A guide to an amazing National Storytelling Week

Guide to national storytelling week- children choosing books at library

A guide to an amazing National Storytelling Week

With National Storytelling Week just around the corner, it’s time to think about how to immerse children in sharing stories and storytelling. National Storytelling Week starts from the 30th January- 5th February so it is crucial for teachers to plan for this week. Every day throughout the week is an opportunity to focus on the power of storytelling.

To help you with fresh National Storytelling Week ideas to implement into lessons, we have created a guide to an amazing National Storytelling Week. These ideas will guarantee your pupils to love stories and everything about storytelling.


Read together every day

Reading together and telling pupils stories is something teachers are familiar with. This usually occurs once every week but during National Storytelling Week, why not make this every day?

You can mix this up and steer away from the usual teacher telling the story to the children. Doing this will keep your pupils engaged with storytelling throughout the week and reduce the chances of them growing bored. Alternatives to you telling the story during reading together time could be, letting the children choose the book you read together, taking turns to read paragraphs or chapters if you split the class up, and individual silent reading.

You can ask questions throughout this reading time to get pupils thinking about the meaning of the story and analyse it. These questions can be based on what’s happened or what could happen to make pupils think creatively.


Expand children’s story genres

The best way to celebrate National Storytelling Week is to read. A great way to get children interested in reading throughout the week is to expand their reading skills through offering a variety of genres.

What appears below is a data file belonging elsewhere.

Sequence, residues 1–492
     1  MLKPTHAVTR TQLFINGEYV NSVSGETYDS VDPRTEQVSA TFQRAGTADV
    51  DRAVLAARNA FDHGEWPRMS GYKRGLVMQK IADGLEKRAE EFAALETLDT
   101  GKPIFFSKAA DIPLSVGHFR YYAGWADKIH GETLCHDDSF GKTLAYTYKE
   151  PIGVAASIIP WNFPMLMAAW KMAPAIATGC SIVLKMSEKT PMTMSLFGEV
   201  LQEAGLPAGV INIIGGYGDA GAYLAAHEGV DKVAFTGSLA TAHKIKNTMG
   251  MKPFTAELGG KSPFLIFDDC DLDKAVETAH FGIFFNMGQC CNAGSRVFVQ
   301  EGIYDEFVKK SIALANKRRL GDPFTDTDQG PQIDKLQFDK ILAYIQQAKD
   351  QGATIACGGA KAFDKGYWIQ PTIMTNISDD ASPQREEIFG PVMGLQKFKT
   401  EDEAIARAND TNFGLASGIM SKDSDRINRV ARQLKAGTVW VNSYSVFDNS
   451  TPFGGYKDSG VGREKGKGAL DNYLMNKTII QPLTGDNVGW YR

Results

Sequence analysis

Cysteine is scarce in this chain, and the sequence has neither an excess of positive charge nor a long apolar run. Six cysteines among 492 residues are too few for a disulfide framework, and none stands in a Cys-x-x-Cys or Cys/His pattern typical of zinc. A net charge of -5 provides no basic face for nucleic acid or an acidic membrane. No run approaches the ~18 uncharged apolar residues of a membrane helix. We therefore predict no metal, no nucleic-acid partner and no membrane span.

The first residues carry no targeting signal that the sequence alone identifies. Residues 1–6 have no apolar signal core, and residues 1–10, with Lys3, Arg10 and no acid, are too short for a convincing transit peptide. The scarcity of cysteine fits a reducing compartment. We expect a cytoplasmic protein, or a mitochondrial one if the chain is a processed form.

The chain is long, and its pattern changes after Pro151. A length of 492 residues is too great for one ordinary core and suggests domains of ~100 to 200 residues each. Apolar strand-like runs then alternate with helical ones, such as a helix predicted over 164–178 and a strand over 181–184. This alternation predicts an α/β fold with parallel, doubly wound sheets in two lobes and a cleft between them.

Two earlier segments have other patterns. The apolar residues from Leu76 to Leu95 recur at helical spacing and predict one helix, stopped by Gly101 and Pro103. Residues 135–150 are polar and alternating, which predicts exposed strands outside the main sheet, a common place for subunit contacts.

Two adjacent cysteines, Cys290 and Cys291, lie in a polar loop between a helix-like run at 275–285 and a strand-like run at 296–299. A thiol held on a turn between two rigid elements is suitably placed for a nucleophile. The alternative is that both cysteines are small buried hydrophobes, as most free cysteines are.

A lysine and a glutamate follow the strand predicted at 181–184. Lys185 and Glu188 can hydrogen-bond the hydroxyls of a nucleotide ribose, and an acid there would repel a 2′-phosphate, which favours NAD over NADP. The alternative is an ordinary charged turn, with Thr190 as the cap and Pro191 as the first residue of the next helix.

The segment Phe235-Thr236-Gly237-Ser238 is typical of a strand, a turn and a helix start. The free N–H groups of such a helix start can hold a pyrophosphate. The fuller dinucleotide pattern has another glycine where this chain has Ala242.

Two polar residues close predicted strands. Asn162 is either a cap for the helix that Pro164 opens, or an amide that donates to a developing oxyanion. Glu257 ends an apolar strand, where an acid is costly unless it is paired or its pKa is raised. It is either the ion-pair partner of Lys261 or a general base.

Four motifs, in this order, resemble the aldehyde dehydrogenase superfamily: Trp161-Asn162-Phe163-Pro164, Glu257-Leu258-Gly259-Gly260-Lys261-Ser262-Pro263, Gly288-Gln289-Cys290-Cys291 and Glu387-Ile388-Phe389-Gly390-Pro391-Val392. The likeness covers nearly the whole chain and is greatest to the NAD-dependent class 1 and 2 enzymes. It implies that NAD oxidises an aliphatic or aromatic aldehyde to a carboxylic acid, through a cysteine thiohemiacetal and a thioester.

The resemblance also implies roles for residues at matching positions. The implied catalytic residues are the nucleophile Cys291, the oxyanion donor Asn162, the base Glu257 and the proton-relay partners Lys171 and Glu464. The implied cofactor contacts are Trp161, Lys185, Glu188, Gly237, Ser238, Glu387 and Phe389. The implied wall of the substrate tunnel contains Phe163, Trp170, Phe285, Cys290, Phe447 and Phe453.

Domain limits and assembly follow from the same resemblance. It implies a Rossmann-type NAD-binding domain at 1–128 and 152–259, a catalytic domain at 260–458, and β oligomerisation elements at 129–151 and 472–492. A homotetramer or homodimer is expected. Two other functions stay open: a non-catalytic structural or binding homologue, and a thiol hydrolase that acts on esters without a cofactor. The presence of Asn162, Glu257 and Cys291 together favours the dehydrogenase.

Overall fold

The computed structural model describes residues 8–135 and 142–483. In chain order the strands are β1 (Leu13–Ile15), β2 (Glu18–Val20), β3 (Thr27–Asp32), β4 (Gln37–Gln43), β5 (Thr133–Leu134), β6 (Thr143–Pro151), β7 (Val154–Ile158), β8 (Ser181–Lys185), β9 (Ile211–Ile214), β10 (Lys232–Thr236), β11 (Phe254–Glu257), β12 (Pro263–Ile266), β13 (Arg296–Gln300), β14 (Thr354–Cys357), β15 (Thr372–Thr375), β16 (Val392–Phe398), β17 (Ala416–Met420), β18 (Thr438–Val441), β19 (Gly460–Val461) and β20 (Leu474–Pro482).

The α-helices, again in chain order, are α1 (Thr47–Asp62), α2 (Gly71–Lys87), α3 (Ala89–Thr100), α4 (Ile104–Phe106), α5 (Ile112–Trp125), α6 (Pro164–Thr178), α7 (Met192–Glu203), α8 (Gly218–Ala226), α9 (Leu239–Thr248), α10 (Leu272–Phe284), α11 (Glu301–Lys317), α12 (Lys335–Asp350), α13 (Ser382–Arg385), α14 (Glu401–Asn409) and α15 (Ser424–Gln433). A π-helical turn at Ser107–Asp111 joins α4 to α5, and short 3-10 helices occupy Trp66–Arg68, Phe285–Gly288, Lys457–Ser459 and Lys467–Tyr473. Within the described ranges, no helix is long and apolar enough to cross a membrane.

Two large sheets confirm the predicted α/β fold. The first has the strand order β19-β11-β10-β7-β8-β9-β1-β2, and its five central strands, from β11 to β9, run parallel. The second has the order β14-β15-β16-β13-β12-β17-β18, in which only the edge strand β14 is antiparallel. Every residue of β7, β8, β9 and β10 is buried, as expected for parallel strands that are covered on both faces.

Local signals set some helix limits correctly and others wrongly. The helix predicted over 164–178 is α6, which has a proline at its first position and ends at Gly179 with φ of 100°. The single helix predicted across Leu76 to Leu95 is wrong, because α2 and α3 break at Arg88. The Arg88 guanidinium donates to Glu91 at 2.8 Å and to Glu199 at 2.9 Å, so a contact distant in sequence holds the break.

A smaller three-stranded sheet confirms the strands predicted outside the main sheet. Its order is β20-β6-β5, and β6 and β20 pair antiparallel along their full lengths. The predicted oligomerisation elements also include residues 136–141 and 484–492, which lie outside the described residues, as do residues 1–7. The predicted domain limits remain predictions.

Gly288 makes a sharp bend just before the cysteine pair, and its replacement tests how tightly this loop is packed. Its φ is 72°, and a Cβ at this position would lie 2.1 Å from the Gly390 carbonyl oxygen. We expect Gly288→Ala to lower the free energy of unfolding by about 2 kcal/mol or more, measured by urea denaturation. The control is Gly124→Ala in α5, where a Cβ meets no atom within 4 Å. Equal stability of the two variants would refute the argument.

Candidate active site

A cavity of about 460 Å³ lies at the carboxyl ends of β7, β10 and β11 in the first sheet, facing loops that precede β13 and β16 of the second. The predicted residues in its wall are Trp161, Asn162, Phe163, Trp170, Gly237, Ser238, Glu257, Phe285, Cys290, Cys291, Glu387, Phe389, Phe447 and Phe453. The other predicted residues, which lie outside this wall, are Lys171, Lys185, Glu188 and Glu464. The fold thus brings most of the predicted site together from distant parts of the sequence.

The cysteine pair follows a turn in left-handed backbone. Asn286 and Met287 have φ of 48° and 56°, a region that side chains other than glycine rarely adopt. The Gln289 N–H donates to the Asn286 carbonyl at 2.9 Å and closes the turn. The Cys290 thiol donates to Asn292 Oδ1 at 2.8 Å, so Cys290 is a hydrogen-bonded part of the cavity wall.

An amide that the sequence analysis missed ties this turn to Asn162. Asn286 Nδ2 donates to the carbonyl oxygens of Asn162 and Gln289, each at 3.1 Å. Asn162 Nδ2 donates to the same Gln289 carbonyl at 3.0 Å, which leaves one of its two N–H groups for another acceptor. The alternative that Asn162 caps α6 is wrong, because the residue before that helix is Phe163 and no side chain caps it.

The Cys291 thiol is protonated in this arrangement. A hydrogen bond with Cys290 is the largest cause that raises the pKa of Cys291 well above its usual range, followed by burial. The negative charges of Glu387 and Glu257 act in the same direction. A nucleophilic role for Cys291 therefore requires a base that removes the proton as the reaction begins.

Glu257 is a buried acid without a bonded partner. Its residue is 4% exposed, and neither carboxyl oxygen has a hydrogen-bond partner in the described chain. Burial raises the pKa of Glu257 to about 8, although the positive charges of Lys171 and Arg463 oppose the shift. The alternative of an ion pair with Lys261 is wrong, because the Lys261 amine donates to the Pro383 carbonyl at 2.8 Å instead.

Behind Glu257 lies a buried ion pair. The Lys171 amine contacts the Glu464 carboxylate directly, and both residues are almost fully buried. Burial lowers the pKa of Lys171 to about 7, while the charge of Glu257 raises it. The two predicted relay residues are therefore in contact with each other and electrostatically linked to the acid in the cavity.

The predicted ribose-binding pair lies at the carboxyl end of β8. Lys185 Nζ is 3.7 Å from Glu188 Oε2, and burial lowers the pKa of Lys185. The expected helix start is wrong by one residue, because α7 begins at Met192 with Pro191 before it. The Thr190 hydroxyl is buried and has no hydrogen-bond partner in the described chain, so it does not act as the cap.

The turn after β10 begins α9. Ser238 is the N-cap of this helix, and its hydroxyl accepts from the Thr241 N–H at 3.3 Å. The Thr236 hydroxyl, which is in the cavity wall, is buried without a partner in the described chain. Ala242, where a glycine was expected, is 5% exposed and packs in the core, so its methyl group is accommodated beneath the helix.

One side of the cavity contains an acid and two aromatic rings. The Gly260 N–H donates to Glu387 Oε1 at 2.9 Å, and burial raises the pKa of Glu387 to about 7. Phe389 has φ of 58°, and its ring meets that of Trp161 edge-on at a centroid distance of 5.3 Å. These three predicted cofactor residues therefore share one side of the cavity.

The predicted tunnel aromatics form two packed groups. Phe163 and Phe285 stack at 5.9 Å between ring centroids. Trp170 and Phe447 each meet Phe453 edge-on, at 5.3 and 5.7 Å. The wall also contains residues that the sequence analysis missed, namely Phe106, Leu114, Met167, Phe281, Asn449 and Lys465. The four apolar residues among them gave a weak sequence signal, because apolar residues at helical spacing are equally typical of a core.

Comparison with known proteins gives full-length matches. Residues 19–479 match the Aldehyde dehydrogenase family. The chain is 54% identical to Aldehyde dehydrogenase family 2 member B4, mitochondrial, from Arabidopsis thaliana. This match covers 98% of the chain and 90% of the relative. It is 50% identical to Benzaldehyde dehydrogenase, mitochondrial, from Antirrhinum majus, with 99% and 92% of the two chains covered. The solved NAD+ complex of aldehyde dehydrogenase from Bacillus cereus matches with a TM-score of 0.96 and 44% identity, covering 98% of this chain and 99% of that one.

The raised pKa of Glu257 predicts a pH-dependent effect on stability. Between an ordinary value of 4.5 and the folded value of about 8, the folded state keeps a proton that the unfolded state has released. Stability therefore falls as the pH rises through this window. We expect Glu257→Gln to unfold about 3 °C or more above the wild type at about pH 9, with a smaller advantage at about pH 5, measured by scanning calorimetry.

A great way to accomplish this is through reading packs that offer different genres for children to read at the appropriate reading level. Children can delve into something they’re not usually interested in and open their minds to different forms of literature. This makes sure that children improve their reading skills and expand their knowledge. Plus, it can lead to pupils enjoying other genres and creating a passion for reading.


Readjust the setting of your classroom

To immerse your pupils into reading, storytelling and writing, why not readjust your classroom set-up? Storytelling is a very group-focused exercise with occasional independent work. For National Storytelling Week it is important for your classroom to reflect this type of learning.

A great way to do this is to push tables together and allow flexible seating where pupils can sit wherever they want each day. This gives them an opportunity to work with other children each day and socialise too. Also, ensure to have a dedicated reading corner if you don’t have one already to encourage independent reading. It can also make a great space for storytelling in small groups. Have bookcases full of various books to choose from and comfy seating such as beanbags.

Have plenty of space at the front of the classroom to do class storytelling and reading. Offer cushions for children to sit on the floor to immerse themselves in the class exercise.


Create on the spot stories

Let children’s imaginations flourish by challenging them to tell stories on the spot. It can be based on anything but to prompt them you can choose objects in the classroom for them to base a story on. They can then tell a very short story based on the objects chosen using their creativity. You could even do a class story based on items in the classroom where each pupil says a sentence. With this, add other items as the story continues. Children need to remember each one and add to the story that others have created.